cover image Fives and Twenty-Fives

Fives and Twenty-Fives

Michael Pitre. Bloomsbury, $27 (416p) ISBN 978-1-62040-754-7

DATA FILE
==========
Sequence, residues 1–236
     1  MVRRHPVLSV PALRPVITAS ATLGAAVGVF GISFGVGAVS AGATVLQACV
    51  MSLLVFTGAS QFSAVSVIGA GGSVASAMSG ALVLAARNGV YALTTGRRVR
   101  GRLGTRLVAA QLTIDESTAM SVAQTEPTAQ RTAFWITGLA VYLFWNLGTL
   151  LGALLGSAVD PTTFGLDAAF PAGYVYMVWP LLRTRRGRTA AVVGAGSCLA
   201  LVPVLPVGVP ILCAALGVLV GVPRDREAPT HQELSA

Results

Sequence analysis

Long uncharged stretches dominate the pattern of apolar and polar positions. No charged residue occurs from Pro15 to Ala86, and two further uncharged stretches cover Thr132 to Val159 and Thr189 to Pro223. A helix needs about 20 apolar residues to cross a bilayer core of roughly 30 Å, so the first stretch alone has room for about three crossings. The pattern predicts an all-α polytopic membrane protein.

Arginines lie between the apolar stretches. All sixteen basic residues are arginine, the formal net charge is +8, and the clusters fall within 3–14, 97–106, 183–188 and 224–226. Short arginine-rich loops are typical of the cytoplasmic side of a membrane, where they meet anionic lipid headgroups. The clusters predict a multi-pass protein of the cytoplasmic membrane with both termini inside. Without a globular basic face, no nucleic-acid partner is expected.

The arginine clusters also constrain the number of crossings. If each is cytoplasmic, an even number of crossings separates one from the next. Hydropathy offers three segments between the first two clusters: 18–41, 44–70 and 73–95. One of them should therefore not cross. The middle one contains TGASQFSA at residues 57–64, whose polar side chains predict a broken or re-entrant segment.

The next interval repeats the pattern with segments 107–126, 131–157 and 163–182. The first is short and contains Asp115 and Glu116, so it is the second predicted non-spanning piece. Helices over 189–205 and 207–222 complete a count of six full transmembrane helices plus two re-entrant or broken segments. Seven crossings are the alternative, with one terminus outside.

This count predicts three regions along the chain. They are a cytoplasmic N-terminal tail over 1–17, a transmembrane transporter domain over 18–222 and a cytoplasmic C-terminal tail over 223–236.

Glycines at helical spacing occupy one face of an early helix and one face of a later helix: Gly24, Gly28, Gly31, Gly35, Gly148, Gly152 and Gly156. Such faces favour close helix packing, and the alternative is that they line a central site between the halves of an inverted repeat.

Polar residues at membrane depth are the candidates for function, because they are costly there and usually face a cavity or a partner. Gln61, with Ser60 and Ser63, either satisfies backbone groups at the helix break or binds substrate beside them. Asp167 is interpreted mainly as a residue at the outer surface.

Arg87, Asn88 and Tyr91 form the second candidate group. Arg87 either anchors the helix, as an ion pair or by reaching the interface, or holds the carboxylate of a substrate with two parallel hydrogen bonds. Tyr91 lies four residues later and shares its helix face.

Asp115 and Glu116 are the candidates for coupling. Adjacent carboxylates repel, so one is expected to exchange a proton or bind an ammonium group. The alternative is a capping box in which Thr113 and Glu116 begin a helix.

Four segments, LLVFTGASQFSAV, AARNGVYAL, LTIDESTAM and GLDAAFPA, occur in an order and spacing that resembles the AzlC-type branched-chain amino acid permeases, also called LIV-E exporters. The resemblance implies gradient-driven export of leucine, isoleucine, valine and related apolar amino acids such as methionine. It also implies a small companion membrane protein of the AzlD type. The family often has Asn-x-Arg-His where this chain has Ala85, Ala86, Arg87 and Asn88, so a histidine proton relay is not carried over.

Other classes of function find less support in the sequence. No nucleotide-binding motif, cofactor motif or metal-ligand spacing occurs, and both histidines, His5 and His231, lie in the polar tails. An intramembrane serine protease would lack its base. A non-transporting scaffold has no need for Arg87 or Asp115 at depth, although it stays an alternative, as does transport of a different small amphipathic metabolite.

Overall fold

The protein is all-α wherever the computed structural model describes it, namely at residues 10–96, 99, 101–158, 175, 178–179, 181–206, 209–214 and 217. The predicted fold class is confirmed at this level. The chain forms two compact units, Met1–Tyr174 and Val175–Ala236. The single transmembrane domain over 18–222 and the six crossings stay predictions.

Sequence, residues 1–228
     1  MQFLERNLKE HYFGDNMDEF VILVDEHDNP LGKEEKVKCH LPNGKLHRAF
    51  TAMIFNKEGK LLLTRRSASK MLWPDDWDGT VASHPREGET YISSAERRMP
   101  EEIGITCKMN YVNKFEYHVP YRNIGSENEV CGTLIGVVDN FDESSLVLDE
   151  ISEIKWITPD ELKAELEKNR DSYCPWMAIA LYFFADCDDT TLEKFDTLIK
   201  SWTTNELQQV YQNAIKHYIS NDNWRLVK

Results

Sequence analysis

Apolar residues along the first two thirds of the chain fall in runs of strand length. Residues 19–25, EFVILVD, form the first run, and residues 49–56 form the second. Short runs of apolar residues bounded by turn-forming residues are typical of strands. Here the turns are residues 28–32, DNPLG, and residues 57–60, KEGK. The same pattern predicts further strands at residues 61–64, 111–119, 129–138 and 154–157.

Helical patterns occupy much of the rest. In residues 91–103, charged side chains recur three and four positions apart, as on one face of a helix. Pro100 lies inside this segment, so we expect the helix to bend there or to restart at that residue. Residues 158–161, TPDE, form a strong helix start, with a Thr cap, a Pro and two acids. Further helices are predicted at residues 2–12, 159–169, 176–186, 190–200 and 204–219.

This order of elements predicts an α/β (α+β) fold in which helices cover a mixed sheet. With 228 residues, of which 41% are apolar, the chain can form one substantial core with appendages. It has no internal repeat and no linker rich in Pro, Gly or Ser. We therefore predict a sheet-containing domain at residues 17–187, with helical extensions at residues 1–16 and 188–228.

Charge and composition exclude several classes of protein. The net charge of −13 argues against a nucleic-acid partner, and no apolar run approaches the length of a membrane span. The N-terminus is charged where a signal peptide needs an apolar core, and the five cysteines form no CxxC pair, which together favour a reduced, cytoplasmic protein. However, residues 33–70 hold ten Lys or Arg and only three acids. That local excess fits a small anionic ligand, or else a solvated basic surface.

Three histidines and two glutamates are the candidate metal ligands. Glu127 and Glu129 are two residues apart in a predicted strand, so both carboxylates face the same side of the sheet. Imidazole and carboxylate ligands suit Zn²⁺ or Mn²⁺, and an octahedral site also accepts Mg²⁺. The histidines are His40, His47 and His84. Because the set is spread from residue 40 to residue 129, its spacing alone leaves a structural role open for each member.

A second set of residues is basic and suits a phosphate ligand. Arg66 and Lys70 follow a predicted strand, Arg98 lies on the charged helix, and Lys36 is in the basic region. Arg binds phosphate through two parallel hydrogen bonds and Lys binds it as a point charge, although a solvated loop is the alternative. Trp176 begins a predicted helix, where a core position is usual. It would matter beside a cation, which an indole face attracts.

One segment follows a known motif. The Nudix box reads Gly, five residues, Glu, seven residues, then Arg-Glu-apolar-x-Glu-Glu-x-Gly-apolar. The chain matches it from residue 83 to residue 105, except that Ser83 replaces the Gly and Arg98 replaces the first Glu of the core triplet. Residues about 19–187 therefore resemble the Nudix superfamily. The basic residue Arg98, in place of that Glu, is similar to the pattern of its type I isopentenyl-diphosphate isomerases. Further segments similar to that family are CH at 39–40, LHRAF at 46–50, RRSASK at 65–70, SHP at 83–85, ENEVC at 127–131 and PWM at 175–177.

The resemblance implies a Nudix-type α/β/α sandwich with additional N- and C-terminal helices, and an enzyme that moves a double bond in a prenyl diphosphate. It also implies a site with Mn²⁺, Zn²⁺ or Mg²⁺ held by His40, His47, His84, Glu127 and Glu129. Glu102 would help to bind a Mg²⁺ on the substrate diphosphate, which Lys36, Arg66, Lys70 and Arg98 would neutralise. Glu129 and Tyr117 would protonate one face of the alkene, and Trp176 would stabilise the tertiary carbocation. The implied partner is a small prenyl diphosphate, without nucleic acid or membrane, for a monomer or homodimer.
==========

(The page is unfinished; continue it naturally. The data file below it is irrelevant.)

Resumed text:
Two-tour Marine veteran Pitre’s affecting debut delivers an unflinching portrait of the Iraq war, both through flashbacks to the conflict and stories about its principal characters once they have returned home. The novel’s protagonists are 1st Lt. Peter Donovan, who receives a Bronze Star Medal after defending a downed American helicopter’s crash site under heavy fire in Ramadi; Lester “Doc” Pleasant, a medic dishonorably discharged for developing a dependency on his own supplies after witnessing a roadside IED explosion and the gruesome death of two members of his unit; and Kateb “Dodge” el-Hariti, a former student at Baghdad University who works as an interpreter for Donovan’s team, helping them deal with locals as they clear and reseal potholes containing buried artillery shells. Interspersed with official records and letters between characters, Pitre’s restrained depictions of Doc and Donovan’s wartime doings and their labored readjustment to civilian life—which involves avoiding psychological triggers, drinking too much, and feigning interest in new career pursuits and girlfriends—is praiseworthy. But it’s the nuanced take on Dodge’s divided loyalties—to his family, country, and postwar identity as an activist in Tunisia pressing for President Ben Ali’s resignation—that imbues the novel with depth and integrity. [em]Agent: Rob McQuilkin, Lippincott Massie McQuilkin. (Sept.) [/em]